What starts off as a generic Western Spies vs. the Russians movie, slightly evolves to include multiple betrayals and a few moderate twists.

Review (with Spoilers)

When Pierce Brosnan was James Bond, I was far more worried about the latest episode of Digimon or Yu-Gi-Oh to take note of his role as the legendary character. So, years later, let’s consider this me catching up on witnessing one of the few great action legends who has yet to be in The Expendables. But with The November Man featuring your usual Russian villains, an old spy coming out of retirement, and a rather predictable plot until maybe somewhere ¾ into the film, is it worth seeing?

Characters & Story

After nearly 30 years of service within the CIA, Peter (Pierce Brosnan) decided to retire from the agency and dedicate his life to other pursuits outside of killing and espionage. Unfortunately though, after 5 years of being retired, his old handler Hanley (Bill Smitrovich) reactivates him for an old love interest, Natalia (Mediha Musliovic), who is also an agent, is in an increasingly dangerous position. For with her spying on an up and coming former Russian general, and popular presidential candidate, Arkady Fedorov (Lazar Ristovski), and getting incriminating information on him, she needs to be extracted.

However, on the way to extraction Mason (Luke Bracey), Peter’s former protégé, gets in the way. Thus leading to those two men having a constant back and forth due to Natalia, Fedorov, and ultimately Hanley.


Outside of A Long Way Down, I am largely unfamiliar with Pierce Brosnan as an actor. I know of him from his work as James Bond, and remember him vaguely in Mamma Mia, but pretty much I saw him as a just one of the many Bond actors who hasn’t done a lot of interesting movies since. Though with The November Man, I feel like I’m slowly becoming a fan. For with him having the British charm most of their imports have, and this slight edge and ferociousness when it came to some of his scenes with Bracey, I found myself a bit of ashamed for not knowing who this man is.

As for the movie itself, what I liked about the film is, at first, it was hard to pin down who exactly was the hero or the villain. For you want to pin Mason as the villain for he does something to Peter, yet at the same time the way Peter goes out of his way to use this girl Sarah (Eliza Taylor) to teach Mason a lesson, it almost makes him out to be a villain. And between the back and forth of who maybe the villain, and then the injection of a Russian assassin, as well as the secrets of Fedorov which lead to many secrets revealed, you get an interesting story.


Though, I should note, for most of the film it really does seem like every twist and turn they come up with you’ll easily guess will happen long before it is seen on screen. This predictability takes away from the film a bit, especially since Brosnan’s version of being a secret agent is rather shallow. For while he notes some sort of guilt or burden through remembering the people he killed, this isn’t explored. Then, when it comes to the rest of the agents, Mason comes off as your generic soldier who does as he is told; Hanley is your veteran who may think ahead, but with his sexist mindset he seems a bit stuck in the past; and when it comes to our villains, they don’t really stray too far at all from what you expect when you hear “Russian Villains.” They aren’t much for English, seem a bit nuts, have very cold personalities, and meet their end in such a way which makes any sort of credibility they might have had dissipate [1] in a snap.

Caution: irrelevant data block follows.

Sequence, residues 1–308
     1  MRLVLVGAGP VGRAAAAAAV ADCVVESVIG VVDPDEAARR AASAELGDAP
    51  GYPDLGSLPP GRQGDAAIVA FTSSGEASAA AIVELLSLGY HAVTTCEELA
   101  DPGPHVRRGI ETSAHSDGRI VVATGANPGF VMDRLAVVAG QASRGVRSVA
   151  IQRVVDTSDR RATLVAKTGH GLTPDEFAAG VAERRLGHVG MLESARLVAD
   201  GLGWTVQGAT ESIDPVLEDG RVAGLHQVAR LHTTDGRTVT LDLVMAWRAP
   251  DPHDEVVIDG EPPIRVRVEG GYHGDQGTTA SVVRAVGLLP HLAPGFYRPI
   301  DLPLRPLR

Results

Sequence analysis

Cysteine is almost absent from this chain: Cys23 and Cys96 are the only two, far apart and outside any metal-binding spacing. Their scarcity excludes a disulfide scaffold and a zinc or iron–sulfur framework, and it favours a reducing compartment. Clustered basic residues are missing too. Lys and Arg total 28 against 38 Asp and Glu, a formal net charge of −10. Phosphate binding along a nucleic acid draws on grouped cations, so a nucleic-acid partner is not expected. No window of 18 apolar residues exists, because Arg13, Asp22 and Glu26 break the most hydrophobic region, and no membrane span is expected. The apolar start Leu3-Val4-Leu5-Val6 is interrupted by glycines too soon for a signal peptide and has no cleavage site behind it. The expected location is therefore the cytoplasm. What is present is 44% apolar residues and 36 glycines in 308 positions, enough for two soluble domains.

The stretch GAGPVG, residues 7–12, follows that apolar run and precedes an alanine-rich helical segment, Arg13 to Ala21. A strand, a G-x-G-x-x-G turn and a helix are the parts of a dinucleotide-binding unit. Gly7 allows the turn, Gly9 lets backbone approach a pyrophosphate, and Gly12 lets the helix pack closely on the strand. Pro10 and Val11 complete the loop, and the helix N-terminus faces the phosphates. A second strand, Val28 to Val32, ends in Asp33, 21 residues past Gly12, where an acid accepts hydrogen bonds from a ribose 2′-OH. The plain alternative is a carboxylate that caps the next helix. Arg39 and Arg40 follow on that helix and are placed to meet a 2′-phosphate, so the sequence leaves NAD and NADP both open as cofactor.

Overall: TV Viewing

This is not a James Bond film, nor is this the type of film which may lead you to want to read the book the film is based on. The November Man is a film which shows Pierce Brosnan is still very capable of being an action star and can hold his own against younger talent. And this isn’t to say this film seems made to stroke Brosnan’s ego, but at the same time I don’t think it really challenged him, the cast, or the expectations someone would have if they only saw the trailer. For, like many an action film, the main focus is the fighting, then the story. Of which, the story for ¾ of the film feels like a rehash of any generic western nation vs. the Russians film you have ever seen. Hence the TV Viewing label. For while Brosnan is entertaining, as are the majority of most of the actors, it just doesn’t have the type of oomph which makes this worth seeing. If anything, it is something you watch on DVD with a few friends when there is nothing to do.

Things To Note

  1. One of the villains, a assassin who was as flexible as a Ballerina, named Alexa (Amila Terzimehic) you are unsure what happens to her. We don’t see her die, or even get a hint where she may have went. All you can assume is that when a trigger is pulled at the end of the movie, perhaps she was the shooter.

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